Last week I wrote about the importance of handwriting instruction, even in our increasingly digital age. Today I want to review some key elements of good handwriting instruction.
One of the most fundamental and important aspects of helping people learn is to help them analyze their experiences. That means helping them take apart something compound and perhaps complex so that they can see the parts and how the parts combine to form the whole. With regard to handwriting, this means helping students understand the particular strokes involved in forming each letter. The best way to help students do that is to give them short directions specifying how to move their pencil step-by-step, including a simple way to indicate where to start when forming a given letter. Thus, for example, in ABeCeDarian, teachers give the following directions to write /m/: "Start at the dot. Fall down to the line, bounce up and over, fall down, bounce up and over, fall down.”
Another important pedagogical aspect of providing such clear instructions is that it helps the child with motor planning and helps build the habit of “self-talk” that is essential for building up skills at self-monitoring and self-correcting. A nice trick that I learned years ago is to encourage young children to speak the letter-formation directions out loud directly to the tip of their pencil so that it knew what to do. This technique makes the handwriting practice a great deal more enjoyable for the children and also helps them feel themselves more in control of what is going on.
Many handwriting programs, especially the inexpensive workbooks one finds readily in book stores, provide the letter formation directions in the form of numbered arrows superimposed over an already formed letter. I suspect that most children find these lines more confusing than helpful. Also, unlike directions that are provided verbally, they cannot be rehearsed and internalized as easily and are more difficult to use for planning letters made without the benefit of the arrows.
There is also a wide variety of additional rules available to help guide the writing. A bottom rule, that is, a line on which to rest the bottoms of the letters, is essential. I also like a mid-line that shows the correct height of the “short” letters such as a, c, e, and the short parts of letters such as b, d, and h. I think the midline is extremely useful for beginners. Many programs also provide a top line and some also provide a descender line, often in red, that indicates the boundary for letters such as g and y that have parts that descend below the base of the letters. These probably don’t hurt, but I don’t know that they are necessary for most students.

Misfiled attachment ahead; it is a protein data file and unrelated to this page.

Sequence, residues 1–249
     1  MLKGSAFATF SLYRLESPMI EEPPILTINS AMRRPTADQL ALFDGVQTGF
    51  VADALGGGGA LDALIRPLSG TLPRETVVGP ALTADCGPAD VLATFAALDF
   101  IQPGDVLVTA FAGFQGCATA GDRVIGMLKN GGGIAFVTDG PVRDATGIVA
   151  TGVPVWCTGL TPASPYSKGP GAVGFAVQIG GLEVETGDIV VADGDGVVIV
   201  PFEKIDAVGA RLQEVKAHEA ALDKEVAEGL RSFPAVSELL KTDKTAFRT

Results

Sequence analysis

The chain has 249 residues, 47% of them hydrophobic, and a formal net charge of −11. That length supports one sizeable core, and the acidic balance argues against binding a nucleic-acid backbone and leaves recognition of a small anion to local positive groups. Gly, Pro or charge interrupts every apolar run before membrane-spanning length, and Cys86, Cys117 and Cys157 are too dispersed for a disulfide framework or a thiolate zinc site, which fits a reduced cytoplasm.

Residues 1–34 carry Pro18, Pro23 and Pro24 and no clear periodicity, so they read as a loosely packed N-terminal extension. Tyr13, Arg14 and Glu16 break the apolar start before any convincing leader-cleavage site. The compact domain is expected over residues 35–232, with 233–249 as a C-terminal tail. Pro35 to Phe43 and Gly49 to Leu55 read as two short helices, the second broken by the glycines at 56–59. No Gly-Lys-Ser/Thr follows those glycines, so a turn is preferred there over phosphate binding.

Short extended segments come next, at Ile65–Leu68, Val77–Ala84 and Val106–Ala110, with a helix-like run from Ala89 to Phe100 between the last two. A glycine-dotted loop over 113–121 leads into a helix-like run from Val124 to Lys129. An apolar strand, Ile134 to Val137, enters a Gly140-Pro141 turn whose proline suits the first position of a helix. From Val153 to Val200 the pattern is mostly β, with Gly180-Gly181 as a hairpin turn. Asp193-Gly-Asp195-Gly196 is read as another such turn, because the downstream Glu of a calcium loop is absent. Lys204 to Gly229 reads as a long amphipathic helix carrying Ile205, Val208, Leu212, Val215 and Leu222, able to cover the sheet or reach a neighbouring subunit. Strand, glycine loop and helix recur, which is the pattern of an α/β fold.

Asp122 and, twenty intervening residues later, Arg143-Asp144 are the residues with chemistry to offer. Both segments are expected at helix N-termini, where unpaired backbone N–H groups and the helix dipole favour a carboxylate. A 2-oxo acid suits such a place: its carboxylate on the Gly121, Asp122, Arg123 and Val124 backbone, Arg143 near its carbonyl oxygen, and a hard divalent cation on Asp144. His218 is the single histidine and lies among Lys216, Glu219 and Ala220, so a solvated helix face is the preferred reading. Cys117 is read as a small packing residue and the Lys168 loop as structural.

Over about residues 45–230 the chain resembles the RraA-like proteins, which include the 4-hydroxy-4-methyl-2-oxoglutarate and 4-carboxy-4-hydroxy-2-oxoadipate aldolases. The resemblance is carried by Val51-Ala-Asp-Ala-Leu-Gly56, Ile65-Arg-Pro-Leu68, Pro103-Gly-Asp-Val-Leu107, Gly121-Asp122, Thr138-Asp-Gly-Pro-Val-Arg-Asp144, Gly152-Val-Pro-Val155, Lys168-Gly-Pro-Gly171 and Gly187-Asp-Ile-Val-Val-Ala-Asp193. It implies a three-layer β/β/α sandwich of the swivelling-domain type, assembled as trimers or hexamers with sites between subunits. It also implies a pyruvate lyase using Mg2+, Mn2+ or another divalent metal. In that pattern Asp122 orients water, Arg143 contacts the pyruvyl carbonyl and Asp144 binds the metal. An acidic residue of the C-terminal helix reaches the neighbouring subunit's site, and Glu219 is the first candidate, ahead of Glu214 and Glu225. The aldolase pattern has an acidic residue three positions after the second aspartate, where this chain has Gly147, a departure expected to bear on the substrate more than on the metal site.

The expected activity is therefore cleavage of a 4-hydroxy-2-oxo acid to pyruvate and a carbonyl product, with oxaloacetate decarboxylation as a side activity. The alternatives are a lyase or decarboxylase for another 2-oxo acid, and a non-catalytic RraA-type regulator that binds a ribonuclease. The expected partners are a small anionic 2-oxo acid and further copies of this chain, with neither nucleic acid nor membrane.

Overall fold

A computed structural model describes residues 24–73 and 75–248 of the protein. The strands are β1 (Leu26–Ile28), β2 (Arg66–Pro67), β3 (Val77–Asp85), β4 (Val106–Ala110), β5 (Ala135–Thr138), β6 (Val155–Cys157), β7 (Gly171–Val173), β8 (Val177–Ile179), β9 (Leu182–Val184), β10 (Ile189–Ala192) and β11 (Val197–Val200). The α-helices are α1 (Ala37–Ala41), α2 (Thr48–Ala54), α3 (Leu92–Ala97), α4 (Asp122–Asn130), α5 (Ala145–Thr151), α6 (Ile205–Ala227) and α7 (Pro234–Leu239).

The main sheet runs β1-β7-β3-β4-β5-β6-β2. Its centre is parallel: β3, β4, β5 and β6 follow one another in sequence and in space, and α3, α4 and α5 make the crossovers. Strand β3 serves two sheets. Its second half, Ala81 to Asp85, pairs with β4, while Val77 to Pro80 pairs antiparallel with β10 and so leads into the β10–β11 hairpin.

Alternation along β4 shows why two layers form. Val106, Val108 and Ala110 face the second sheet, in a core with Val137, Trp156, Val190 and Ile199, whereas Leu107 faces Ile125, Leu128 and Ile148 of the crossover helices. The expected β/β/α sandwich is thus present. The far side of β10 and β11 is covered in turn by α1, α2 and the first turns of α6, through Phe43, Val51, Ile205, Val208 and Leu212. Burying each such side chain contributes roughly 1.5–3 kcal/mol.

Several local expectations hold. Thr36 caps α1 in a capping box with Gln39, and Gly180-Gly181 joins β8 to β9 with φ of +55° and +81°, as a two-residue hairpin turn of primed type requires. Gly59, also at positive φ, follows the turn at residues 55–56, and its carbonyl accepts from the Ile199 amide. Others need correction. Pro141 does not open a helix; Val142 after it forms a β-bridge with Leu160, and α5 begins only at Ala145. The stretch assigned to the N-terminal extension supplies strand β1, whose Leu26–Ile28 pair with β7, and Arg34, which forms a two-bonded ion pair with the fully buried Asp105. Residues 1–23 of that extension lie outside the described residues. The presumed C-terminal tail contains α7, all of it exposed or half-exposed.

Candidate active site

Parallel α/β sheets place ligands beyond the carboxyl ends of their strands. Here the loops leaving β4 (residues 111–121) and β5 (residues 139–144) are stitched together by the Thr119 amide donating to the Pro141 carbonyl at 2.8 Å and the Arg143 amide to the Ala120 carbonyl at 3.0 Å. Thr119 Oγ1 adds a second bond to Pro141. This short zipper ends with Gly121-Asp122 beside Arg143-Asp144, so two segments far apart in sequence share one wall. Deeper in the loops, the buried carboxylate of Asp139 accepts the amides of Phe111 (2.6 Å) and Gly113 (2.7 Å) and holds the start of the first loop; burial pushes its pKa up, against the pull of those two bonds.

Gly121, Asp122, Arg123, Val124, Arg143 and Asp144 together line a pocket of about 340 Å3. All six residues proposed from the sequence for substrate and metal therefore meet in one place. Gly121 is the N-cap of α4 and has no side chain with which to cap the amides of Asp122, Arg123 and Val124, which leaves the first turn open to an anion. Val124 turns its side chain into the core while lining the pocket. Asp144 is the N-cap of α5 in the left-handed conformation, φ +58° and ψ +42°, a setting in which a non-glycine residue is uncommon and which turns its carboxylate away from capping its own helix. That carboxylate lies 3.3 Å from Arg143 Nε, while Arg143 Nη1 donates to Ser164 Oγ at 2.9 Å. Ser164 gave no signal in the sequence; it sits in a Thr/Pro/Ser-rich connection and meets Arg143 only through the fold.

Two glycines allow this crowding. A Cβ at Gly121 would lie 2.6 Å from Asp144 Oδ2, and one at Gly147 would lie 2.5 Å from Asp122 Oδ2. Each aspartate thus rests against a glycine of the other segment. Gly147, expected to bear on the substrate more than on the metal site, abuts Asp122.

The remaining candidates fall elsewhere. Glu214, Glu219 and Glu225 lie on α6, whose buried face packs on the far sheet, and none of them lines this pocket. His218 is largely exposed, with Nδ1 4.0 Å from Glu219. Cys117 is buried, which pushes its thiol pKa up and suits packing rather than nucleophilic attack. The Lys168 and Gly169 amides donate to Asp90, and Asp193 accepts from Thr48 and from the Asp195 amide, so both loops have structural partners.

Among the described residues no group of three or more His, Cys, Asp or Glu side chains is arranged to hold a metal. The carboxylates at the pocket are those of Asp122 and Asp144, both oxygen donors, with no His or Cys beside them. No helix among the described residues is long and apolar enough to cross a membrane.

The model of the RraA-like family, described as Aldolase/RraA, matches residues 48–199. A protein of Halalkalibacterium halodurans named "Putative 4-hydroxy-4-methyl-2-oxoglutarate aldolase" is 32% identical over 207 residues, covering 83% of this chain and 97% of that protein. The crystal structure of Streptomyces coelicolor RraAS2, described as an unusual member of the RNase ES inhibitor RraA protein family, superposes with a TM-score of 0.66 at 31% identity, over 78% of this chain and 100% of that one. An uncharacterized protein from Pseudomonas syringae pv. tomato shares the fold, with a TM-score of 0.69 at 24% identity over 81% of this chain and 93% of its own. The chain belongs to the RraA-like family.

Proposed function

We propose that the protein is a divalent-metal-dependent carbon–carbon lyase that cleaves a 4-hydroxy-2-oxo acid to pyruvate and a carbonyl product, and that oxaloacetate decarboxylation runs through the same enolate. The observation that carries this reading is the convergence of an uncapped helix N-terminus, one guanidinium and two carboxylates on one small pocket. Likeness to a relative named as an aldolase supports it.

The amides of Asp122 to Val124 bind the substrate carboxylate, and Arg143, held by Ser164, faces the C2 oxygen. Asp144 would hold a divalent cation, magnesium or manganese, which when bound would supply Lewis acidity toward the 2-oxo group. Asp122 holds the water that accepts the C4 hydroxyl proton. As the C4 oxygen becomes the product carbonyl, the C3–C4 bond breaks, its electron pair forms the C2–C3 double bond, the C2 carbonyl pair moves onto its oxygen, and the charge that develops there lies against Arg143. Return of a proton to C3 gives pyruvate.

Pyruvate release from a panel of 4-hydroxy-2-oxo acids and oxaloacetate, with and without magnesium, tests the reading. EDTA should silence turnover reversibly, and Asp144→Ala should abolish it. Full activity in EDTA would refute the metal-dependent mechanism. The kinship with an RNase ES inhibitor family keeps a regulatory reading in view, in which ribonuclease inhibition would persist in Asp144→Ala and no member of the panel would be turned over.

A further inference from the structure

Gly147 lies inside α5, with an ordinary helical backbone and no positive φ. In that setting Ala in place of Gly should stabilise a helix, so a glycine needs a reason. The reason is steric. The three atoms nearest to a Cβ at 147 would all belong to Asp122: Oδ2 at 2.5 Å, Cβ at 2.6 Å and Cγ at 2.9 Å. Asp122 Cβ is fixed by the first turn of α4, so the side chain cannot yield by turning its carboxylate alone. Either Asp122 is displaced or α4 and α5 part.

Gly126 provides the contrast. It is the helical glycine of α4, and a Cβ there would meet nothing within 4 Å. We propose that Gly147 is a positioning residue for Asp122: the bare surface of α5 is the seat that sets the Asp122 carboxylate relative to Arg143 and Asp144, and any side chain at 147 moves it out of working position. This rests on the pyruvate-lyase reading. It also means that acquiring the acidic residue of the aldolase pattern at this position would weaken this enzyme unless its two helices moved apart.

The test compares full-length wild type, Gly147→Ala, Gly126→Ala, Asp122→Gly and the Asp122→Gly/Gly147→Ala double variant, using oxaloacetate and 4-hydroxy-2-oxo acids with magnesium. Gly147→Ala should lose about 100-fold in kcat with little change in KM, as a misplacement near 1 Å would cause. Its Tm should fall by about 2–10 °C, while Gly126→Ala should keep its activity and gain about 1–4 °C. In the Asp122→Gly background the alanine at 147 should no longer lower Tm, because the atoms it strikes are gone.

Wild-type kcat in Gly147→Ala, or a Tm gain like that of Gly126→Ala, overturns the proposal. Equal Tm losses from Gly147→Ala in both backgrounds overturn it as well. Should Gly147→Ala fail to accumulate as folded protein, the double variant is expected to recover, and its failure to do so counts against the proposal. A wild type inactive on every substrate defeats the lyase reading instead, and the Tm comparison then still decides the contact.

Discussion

It is most efficient to teach students from the very beginning to associate a sound with a letter. This practice will reduce the time it takes for students to learn basic letter sounds and will reinforce the general connection between letters and sounds. Letter sounds are much superior in this work than letter names, because letter sounds can be used directly both to read and spell words. So it is ideal to incorporate handwriting instruction as a part of beginning reading and spelling instruction.
Some programs incorporate a technique known as “sky-writing” into the instruction. This involves having the student extend her arm with her pointer finger also extended and then tracing letters in the air. The muscles involved in this activity are very different from the muscles involved in writing the letters with a pencil, so I doubt how much this practice actually helps students improve their writing with a pencil. Furthermore, because the letters are traced in the air and are hence invisible, it is harder for the student to evaluate whether he has done a good job or not. Nonetheless, if you are working with young students who need to move around, this might be an option to incorporate some more physical activity in a lesson.
Much better, especially for very young students, is to have students trace in a salt-tray or similar contraption that will allow them to make a visible mark and receive some tactile stimulation as well without using a pencil or marker or chalk. There are many variations and lots of information about these on the internet.
So, in summary, here are the key things to look for in handwriting instruction:
- simple and clear verbal directions for stroke formation
- a simple mark to indicate where to start each letter
- writing paper or boards with a baseline and a midline
- teaching letter-sounds in conjunction with letter-formation
Until next time,